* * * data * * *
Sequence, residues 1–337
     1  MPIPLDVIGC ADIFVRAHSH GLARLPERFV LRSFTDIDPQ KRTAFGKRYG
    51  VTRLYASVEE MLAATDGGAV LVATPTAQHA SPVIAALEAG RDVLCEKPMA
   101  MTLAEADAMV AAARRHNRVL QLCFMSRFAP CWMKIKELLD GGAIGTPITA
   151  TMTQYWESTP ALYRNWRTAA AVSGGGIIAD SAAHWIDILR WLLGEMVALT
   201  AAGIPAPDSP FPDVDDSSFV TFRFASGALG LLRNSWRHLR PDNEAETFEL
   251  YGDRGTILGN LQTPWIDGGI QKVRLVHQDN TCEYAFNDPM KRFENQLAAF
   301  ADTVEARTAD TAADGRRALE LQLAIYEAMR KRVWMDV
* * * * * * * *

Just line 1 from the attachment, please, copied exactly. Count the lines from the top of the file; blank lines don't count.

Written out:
Sequence, residues 1–337